While petitioner was advertising that he had "thousands of furs to choose from," his inventory in one instance did not exceed 1,541 furs and at another time did not exceed 1,263. The trial examiner viewed this aspect of the case with indulgence. Petitioner's inventory necessarily varied from time to time. The advertising was, in the examiner's eyes, mere puffing. The Commission was more strict. Any number of furs less than 2,000 cannot be described as "thousands"; the advertising thus violated the terms of the statute.


Petitioner contends that no violation of 15 U.S.C.A. § 69c(a) (5) is established unless the Commission proves that "the advertising * * * has the capacity to mislead the public into buying [the] product in the belief that it is acquiring one essentially different." (Brief, p. 29). But we think that petitioner's advertising has this capacity. We agree with respondent in its assertion that petitioner's advertising is designed "to convey the idea that a myriad of items are waiting to be moved from stock at reduced prices [and] to give the impression of a distress sale of all manner of desirable goods and thus the opportunity for making a better selection."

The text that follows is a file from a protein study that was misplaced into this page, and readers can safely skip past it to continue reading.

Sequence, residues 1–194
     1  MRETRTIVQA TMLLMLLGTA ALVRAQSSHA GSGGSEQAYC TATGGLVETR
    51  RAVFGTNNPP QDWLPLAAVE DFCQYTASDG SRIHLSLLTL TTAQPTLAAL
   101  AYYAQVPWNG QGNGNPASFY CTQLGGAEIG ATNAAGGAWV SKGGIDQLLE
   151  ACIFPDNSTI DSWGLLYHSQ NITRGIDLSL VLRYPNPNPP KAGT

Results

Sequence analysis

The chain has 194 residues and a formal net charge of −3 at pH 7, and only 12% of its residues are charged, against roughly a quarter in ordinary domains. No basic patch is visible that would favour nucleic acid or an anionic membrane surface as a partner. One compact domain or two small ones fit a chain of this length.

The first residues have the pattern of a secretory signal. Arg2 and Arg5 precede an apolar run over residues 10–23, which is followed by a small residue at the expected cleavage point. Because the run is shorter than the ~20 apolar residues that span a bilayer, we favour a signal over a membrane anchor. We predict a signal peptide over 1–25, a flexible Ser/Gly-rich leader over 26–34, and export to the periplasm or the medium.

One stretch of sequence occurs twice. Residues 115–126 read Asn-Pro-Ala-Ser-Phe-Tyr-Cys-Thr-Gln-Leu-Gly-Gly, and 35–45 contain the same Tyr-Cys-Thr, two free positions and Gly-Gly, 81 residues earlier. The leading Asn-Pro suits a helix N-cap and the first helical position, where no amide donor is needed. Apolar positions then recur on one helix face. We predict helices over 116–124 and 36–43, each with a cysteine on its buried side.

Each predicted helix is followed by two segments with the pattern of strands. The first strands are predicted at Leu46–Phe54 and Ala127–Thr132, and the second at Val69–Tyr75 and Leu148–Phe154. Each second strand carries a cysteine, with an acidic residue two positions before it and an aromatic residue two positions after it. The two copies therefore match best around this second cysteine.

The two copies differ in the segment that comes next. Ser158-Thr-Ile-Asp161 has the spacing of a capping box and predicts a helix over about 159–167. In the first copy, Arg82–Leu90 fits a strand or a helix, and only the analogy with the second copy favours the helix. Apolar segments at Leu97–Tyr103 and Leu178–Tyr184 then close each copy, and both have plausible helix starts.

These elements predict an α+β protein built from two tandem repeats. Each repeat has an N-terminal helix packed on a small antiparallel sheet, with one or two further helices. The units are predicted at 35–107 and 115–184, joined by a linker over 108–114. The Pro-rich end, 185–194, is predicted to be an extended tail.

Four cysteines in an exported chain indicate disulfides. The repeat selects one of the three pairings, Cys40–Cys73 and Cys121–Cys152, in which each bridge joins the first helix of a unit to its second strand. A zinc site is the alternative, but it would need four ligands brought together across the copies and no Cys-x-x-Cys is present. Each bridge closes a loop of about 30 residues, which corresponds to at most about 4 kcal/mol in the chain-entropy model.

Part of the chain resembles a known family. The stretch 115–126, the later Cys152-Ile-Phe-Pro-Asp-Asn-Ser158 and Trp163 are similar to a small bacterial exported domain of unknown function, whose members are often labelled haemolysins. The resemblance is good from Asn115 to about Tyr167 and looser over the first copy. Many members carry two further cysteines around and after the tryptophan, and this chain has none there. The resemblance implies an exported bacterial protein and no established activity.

The purpose of the Act is the protection of consumers against false advertising. F. T. C. v. Mandel Brothers, supra, 359 U.S. at page 388, 79 S.Ct. at page 822. It places an affirmative burden on a fur seller to state the truth respecting his furs offered for sale. We think that the Commission's interpretation of the law is a valid way of attaining this objective; even though it is not a way this court or its individual members might have selected had they been the one charged with initiating this action.


4. Did petitioner's offer of "bonded appraisals" constitute false advertising?